How to Teach Children to Value Others
Empathy is one of those rare qualities, something that almost everyone wants but few know how to actually give or receive. In a world that emphasizes self-gratification, empathy is in short supply but high demand. This is all the more reason to teach the next generation what it means to have empathy for those around them. This is paramount to teaching children to value others.
What is empathy?
Many people confuse sympathy and empathy, but they’re two different values. Empathy isn’t just the ability to understand someone’s feelings. Criminals often take advantage of people by appearing to understand their feelings and subsequently gaining their trust.
Empathy is much more than that. It’s not only the ability to recognize how someone feels, but also to value and respect those feelings. It means treating others with kindness, dignity and understanding.
Children need to see adults show empathy, so they’ll begin to value others. While some children are gifted with naturally sensitive hearts, in most cases, children need to see the adults around them model empathy.
Teach your child to value others.
It starts with how parents relate to their children. Parents who show interest in the things that matter to their children and respond to emotions in a positive, caring way are teaching the skill of empathy. Meeting emotional needs is one example. When children get their emotional needs met, two things happen.
First, they learn to meet the emotional needs of others, and second, they’re anchored in what they receive. This means they’re secure enough to give to others when the need arises. But first, they need to receive – an empty pitcher can’t fill a cup. Talk to children about emotional needs so they understand their own needs and those of others.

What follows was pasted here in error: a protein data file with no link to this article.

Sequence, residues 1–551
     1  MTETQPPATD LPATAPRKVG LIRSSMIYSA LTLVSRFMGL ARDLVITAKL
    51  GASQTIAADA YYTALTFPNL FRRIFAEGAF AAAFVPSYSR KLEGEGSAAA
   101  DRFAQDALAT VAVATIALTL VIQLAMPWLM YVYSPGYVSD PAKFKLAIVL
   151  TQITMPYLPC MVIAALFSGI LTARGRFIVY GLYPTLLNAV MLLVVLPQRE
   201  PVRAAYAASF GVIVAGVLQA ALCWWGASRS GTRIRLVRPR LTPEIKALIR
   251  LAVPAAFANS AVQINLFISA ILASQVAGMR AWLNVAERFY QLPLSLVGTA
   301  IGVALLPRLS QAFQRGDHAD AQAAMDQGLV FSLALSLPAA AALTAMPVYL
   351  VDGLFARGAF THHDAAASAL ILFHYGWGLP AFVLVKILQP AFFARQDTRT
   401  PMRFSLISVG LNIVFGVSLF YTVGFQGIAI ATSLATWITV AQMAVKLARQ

Many adults find it difficult to talk about emotional needs or anything to do with emotions. As a result, they tiptoe through their lives around the topic of emotions. These are people who don’t know how to handle the emotions of others and are uncomfortable with any situation that requires an emotional response.
Sometimes, they’re afraid of their own emotions because they’ve never learned how to deal with emotional needs. It’s a good idea to talk to children about emotions and how other people experience them. In this regard, you need to give emotions names (e.g., jealousy, anger, love, etc.) and teach your children that they’re normal. They need to understand them in order to manage them.
Talk to them about how to handle emotions in a positive way and point out situations in which other people are experiencing emotions. Teach them to respect the emotions of others and show them how to act in a situation where an emotional response is required. Look for real-life situations to practice empathy.
You’re their best example
There’s nothing like a real-life example to model what you’re teaching. Look for situations that affect someone else and talk to your children about what it means to the people involved and how they might feel. For example, if you see an ambulance speeding by, talk about how the sick person’s family members might feel.
Younger children, in particular, love to pretend to be someone or something else. You can use these fun moments to teach empathy. Have your children play the role of someone else. This could be a character in a book or on TV, or even someone they know who’s been through a significant experience lately.
This will focus their attention on the emotions another person might experience when they’re in a particular situation. You can ask them to make faces that reflect their character’s feelings.
Teach your children the difference between right and wrong from an early age. This will help your children build a good internal moral compass that will guide them to make good decisions, as well as understand and value others.
In situations that require a decision, help your children see how our choices and behavior affect others. Talk to them about how bad actions hurt others and help them see the harm it can cause. Then they’ll be able to appreciate others and themselves.